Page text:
Mr Jefferies said: “Everything I am aware of I have told the police and I really don’t want to talk about it.” Another resident of 44 Canynge Road, Geoffrey Hardyman, 78, who lives the top floor flat, said: “He saw people coming out after dark as he was parking his car. I don’t think he was really paying any attention but just assumed they were from flat 1 – Joanna’s flat. He didn’t know if they were male or female. It was after about 9 p.m. and he thought they must have been her with friends, or just friends of hers.”
One close neighbour said: “The landlord of the building has said he saw Jo leaving with two people on the Friday night she disappeared.”
Another Canynge Road resident, who does not want to be named, said there had been reports of other people acting suspiciously in the area. He said: “Somebody living in the area observed people acting suspiciously in sufficient detail on the night Jo went missing. They have a much clearer idea of who these people might be.”
Christopher Jefferies told Sky News: “It is a serious distortion of what I said to the police and I have no further comment to make as that, no doubt, will be distorted. I made some comment which was very, very, very much vaguer than that. Anything that I have said I have said to the police and I'm not prepared to make any comments to the media. I definitely cannot say that I saw Joanna Yeates that evening. No.”
From The Mail, 30th December 2010: “Another neighbour, Liz Lowman, said: ‘He said he saw two to three people leave the communal basement flat entrance talking in mild quiet tones. He does not remember what sex they are or what they look like’.”
Vincent Tabak and Tanja Morson were visiting his family in the Netherlands, but they saw the video of their irritated landlord, surrounded by journalists, on TV or their laptop. They must have been astonished by the discrepancies between what he had told them a week ago and his vehement denials in front of the reporters.
|Chief Constable Colin Port|
The landlord is arrested
At breakfast-time on Thursday 30th December 2010 Joanna Yeates’s and Vincent Tabak’s landlord, Christopher Jefferies, heard a knock on the door of his flat. It was just after 7.00 a.m. A voice outside said, “It’s the Police, Mr. Jefferies. We need your help”. He opened the door and admitted the officers who were standing there (whose names have never made public). He was at once arrested on suspicion of Joanna’s murder. If his experience after he was taken to the police station resembled that of Vincent Tabak and other murder suspects, he would have been told to take off all his clothes without any privacy, and subjected to a humiliating intimate medical examination. The woman doctor who obtained this “carnal knowledge” might feel she was just doing her job, but to the helpless and frightened Christopher Jefferies she was little better than a rapist.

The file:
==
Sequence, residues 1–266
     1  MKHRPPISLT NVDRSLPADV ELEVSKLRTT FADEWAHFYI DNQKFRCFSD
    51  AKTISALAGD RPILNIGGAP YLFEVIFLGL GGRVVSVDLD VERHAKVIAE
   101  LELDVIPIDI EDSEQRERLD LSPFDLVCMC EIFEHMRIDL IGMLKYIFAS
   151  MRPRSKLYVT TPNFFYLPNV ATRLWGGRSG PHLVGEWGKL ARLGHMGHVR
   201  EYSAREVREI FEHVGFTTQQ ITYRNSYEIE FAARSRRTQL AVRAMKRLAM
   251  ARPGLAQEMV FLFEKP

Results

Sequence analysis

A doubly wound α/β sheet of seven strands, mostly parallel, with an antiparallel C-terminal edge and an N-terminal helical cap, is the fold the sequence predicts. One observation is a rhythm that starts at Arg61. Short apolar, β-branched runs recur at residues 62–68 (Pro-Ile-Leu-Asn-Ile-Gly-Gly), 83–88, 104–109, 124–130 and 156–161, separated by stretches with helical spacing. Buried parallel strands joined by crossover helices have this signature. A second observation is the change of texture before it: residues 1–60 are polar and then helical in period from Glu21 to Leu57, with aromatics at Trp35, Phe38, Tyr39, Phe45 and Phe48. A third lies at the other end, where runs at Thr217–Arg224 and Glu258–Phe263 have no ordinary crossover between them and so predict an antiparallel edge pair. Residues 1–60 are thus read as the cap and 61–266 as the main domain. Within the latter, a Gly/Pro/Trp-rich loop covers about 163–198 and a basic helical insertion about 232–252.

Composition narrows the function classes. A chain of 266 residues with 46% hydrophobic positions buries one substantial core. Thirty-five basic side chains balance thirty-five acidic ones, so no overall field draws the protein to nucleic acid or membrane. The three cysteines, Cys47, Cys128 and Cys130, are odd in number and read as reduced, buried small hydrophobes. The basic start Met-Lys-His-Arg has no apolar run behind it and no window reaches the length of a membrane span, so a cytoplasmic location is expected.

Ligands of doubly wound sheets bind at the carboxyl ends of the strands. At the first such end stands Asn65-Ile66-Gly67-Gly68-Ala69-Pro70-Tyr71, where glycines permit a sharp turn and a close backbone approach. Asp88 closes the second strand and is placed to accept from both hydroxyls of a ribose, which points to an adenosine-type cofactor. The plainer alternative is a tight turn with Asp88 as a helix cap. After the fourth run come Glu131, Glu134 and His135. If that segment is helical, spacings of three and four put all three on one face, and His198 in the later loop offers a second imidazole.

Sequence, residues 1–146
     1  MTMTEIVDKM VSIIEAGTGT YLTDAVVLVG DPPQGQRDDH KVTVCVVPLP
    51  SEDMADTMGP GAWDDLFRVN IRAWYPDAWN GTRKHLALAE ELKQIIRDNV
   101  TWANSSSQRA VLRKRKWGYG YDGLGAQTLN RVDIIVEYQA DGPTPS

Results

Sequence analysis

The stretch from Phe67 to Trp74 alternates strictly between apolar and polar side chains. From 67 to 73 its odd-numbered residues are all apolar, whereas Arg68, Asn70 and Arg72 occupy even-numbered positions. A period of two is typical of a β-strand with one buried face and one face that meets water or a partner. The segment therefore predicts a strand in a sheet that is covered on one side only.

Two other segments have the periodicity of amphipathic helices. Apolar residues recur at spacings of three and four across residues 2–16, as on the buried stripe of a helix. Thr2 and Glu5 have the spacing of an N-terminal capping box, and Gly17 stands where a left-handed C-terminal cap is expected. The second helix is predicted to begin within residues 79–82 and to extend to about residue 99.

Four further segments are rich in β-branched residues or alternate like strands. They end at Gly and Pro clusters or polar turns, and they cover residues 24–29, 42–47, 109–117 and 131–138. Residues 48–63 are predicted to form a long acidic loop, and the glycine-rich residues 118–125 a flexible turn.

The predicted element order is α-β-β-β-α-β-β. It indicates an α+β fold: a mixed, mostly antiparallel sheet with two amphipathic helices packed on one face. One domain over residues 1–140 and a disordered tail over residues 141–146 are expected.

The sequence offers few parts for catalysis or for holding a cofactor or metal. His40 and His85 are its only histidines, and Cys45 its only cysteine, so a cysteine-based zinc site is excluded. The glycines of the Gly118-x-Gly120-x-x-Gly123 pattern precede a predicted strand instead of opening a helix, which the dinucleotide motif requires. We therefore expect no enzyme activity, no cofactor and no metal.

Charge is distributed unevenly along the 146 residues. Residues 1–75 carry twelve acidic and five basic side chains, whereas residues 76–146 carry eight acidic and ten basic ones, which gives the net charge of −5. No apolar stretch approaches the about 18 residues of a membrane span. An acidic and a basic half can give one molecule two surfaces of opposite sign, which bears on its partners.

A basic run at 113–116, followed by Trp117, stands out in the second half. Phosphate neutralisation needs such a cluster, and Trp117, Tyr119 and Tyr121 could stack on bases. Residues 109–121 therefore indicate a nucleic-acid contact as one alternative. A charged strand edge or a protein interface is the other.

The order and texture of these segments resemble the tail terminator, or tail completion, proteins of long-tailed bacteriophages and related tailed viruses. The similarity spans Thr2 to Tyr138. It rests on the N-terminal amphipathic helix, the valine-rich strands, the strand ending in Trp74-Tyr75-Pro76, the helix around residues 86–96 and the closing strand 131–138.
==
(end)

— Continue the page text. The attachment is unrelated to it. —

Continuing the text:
As he had had no idea that he was a suspect until he was arrested, this was most probably the time when a swab of his saliva was taken to establish his DNA profile.
He would have been deeply shocked by the time detectives began to interrogate him by asking him the same questions over and over again about the details of how he came to kill Joanna and dispose of her body.
The police’s presumed grounds for suspecting him were:
- He had attempted to incriminate two other people, one of whom may have been Joanna’s boyfriend (whom the police had just declared was not a suspect), by volunteering additional witness testimony (on 22nd December 2010) that he had seen and heard them in Joanna’s company during this period
- The entire nation had seen TV footage of him behaving angrily towards journalists, obstructing their legitimate pursuit of copy for their readers
- As he had told police that he trained regularly at a gymnasium, it could not be ruled out that he would be capable of overpowering the diminutive Joanna if he lost his temper, which was obviously easily ignited
- The blue colour of his untamed hair indicated that he might also develop a blue beard if held long enough in police custody
- In his Neighbourhood Watch capacity he was alleged by unnamed former tenants to be a “peeping Tom”, who had forbidden them to put up curtains, and habitually glanced in through the ground-floor windows to check that people were where they should be, and were not doing anything they shouldn’t do. At the trial of Vincent Tabak, Mr. Nigel Lickley QC would claim that, after the murder, the defendant had told the police that he had seen Mr. Jefferies use his own keys to let himself into the smaller basement flat. Legal journalist Sally Ramage (Criminal Law Journal, January 2012) states that Tanja Morson too had said the same thing to the police on the same occasion. However, the landlord could have been held criminally liable for illegal activities related to drugs or prostitution carried out covertly by his tenants. The very fact that Joanna was killed immediately vindicated the landlord’s suspicions and his right to spy on his tenants
- He had a key to Joanna Yeates’s flat
- He had no alibi for the time when she was believed to have been killed